1911 Encyclopædia Britannica/Bloomington (Indiana)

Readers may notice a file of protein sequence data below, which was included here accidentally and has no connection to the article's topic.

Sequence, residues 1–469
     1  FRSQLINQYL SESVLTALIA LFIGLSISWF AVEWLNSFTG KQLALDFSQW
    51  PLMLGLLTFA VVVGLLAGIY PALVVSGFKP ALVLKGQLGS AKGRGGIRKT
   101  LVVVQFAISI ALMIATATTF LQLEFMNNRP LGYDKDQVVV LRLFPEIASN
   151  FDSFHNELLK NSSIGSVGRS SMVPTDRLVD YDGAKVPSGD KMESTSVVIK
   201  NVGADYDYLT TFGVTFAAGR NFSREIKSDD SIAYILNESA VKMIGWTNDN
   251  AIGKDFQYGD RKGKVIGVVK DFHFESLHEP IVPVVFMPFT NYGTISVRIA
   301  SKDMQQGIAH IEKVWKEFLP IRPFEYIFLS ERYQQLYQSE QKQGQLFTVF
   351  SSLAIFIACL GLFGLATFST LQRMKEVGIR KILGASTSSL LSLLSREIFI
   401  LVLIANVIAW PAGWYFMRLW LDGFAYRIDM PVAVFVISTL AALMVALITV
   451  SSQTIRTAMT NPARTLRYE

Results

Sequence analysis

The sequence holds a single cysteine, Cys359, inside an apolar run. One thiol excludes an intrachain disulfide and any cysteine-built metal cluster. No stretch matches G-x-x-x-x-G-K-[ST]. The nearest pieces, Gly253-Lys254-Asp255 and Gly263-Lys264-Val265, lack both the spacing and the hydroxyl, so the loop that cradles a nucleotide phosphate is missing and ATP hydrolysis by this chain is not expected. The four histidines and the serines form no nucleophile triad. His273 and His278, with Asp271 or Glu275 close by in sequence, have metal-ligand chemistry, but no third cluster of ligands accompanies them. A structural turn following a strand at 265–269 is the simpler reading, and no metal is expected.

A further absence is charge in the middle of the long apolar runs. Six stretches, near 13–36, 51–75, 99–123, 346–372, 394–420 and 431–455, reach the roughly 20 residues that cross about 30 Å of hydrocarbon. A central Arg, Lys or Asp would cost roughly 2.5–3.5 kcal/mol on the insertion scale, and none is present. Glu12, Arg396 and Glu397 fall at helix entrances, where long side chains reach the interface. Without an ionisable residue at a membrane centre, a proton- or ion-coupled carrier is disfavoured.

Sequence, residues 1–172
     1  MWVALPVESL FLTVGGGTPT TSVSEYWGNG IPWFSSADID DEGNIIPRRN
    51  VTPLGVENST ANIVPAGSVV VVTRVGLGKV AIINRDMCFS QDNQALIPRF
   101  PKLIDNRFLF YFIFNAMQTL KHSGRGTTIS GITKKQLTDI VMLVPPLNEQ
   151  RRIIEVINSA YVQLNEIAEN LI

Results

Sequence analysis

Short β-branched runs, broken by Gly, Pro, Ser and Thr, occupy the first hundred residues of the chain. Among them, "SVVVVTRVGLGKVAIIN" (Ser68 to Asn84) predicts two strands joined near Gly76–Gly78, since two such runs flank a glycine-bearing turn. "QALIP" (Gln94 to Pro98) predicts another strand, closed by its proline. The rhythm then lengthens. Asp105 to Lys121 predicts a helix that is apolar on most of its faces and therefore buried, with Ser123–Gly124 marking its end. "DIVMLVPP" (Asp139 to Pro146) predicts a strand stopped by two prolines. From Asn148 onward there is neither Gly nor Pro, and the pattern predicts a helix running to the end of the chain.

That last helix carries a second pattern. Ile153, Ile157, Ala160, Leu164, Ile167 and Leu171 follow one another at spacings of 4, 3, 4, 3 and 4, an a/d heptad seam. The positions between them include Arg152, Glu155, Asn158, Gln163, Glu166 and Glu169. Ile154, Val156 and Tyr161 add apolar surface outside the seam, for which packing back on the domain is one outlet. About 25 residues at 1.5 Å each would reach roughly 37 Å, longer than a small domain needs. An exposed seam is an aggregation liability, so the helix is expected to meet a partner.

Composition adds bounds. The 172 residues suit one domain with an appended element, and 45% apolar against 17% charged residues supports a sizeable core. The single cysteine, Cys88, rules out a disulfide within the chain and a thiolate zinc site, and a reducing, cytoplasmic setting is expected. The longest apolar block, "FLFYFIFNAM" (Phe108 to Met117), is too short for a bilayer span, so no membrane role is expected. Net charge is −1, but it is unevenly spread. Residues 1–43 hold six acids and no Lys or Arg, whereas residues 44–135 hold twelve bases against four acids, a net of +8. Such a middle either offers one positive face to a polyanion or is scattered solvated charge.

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BLOOMINGTON, a city and the county-seat of Monroe county, Indiana, U.S.A., about 45 m. S. by W. of Indianapolis. Pop. (1890) 4018; (1900) 6460, including 396 negroes; (1910) 8838. It is served by the Chicago, Indianapolis & Louisville and the Indianapolis Southern (Illinois Central) railways. Bloomington is the seat of the Indiana University (co-educational since 1868), established as a state seminary in 1820, and as Indiana College in 1828, and chartered as the State university in 1838, in 1907-1908 it had 80 instructors, 2051 students, and a library of 65,000 volumes; its school of law was established in 1842, suspended in 1877 and re-established in 1889; its school of medicine was established in 1903, but most of the medical course is given in Indianapolis; a graduate school was organized in 1904; and a summer school (or summer term of eleven weeks) was first held in 1905. Dr David Starr Jordan was the first president of the university in 1885–1891, when it was thoroughly reorganized and its curriculum put on the basis of major subjects and departments. The university's biological station is on Winona Lake, Kosciusko county. Among the manufactures of Bloomington are furniture and wooden ware. There are valuable limestone quarries in the vicinity. The city was first settled about 1818.